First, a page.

Race & Religion

Safe spaces for constructive conversations. Education on these issues from a young age. Find out what we the participants have to say about race and religion.

Importance of multiracialism, mutual understanding and cohesion

We value our multiracial and multicultural society. We feel that it is important to reflect on race in our local context. Some feel that racial discourse from other countries cannot be imported wholesale. Some of us have experienced or witnessed racial discrimination in daily interactions, such as landlords or employers preferring a certain race. We hope that more of us can better understand what it feels like to face discrimination or racism.

Each of us should understand issues about race and religion better. We should step out of our comfort zones to meet with people of different backgrounds, races, and religions. As individuals, we can do more to tackle racist behaviours in society such as by speaking up against racist comments, starting with the people around us.

We hope for more social mixing to foster greater racial and religious cohesion, especially for our children and future generations. Some of us reminisced that there seemed to be more opportunities in the past for people of different races and religions to mingle, such as in schools and neighbourhoods. While many feel that race is important to their identity, we should be united as Singapore and Singaporeans. Existing race-related initiatives or policies need to be reviewed continually. We hope for more partnership opportunities with community leaders and government agencies in these areas.

Race and religion in our education system

We hope that education about the complexities of race and religion can start from young. Our understanding of racial harmony should go beyond a basic appreciation of other cultures’ cuisines and artistic heritage. For example, we could have a Racial Harmony Month, or equip parents and teachers with resources to help guide and facilitate discussions on more sensitive issues revolving around race, religion, and cultural beliefs in Singapore’s context. Some of us feel that our youth should be taught to think critically, and be better equipped to talk about sensitive topics.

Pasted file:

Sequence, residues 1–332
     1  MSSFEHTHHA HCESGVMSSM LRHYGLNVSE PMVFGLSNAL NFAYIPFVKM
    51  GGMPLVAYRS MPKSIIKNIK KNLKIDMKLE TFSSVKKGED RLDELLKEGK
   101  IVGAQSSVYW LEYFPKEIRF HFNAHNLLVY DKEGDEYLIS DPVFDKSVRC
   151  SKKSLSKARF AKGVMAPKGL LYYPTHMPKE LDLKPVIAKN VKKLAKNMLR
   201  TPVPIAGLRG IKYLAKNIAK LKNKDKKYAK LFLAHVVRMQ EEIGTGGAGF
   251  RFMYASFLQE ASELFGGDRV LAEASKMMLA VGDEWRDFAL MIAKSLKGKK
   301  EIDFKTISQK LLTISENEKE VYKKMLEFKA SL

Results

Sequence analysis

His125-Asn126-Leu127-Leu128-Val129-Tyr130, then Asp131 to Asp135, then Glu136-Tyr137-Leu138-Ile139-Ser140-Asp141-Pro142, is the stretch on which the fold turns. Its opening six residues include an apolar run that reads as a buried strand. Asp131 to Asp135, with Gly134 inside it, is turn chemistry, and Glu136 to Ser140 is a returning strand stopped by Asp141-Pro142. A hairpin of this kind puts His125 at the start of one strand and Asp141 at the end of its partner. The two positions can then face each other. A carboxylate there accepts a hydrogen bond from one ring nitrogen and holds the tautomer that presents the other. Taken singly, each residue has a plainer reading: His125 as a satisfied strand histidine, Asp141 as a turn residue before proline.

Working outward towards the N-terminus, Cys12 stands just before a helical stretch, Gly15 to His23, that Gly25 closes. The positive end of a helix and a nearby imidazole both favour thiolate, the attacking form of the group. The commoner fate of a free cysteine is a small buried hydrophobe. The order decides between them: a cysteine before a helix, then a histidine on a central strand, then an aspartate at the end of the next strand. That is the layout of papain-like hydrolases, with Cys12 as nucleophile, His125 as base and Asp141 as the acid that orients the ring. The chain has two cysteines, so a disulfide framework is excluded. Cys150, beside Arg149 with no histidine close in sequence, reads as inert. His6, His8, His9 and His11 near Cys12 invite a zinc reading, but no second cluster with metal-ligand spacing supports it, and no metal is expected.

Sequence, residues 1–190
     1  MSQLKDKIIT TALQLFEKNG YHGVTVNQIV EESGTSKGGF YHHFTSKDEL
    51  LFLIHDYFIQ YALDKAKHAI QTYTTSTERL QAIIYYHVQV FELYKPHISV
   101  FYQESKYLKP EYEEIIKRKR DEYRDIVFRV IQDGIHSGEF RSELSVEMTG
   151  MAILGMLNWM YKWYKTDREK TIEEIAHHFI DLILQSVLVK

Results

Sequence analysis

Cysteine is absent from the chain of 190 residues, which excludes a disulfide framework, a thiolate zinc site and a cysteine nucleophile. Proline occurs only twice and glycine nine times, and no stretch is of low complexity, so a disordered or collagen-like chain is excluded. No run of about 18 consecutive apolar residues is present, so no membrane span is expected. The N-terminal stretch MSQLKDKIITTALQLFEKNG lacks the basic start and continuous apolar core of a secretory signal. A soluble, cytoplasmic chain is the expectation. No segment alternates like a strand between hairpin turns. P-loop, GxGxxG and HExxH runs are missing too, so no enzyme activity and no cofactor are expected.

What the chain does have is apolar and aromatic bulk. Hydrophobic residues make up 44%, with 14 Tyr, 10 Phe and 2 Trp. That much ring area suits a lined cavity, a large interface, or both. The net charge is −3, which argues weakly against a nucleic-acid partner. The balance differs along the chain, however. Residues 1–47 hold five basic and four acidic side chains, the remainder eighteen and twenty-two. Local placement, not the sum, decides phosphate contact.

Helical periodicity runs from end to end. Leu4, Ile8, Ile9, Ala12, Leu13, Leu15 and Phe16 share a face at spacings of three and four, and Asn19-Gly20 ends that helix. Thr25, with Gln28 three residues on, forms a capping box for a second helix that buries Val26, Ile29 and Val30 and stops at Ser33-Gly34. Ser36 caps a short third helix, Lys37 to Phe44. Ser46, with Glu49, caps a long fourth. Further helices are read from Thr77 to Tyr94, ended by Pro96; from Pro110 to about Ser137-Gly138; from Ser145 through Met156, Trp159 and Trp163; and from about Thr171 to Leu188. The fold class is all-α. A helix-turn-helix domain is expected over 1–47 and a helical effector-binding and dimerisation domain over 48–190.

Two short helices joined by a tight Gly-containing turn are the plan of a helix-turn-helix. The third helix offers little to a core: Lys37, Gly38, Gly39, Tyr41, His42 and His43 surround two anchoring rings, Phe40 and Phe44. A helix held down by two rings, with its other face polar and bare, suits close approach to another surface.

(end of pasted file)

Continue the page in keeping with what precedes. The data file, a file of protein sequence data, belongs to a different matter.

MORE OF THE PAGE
Hope to see how to deepen the program for the yearly July event: a Racial Harmony Month instead of just having dances, singing etc. to make our society more racially harmonious after COVID-19.

RR

Constructive dialogue on race and religion

As a society, we need to be able to engage, listen, and reason with facts when discussing sensitive issues like race and religion. We hope to have more inclusive and safe spaces for people to discuss such issues, and enable those who feel marginalised to speak up about their personal experiences. Without these platforms for discussion, we worry that people may turn to venting online anonymously. Some of us acknowledge that younger people tend to speak up more on race and religion issues, while others may be less comfortable discussing such issues. We need to find ways for different groups to have meaningful dialogue with each other. We hope that conversations on sensitive issues will be kind and compassionate.

We feel strongly that such dialogues and conversations build mutual understanding between different races and religions. We think that the government could facilitate this process, but should not try to shape the conversation. We also hope that these conversations will lead to tangible action and change.

Hope to have open dialogues about race and religion, getting those who feel marginalised to speak about their experiences and encourage mutual understanding.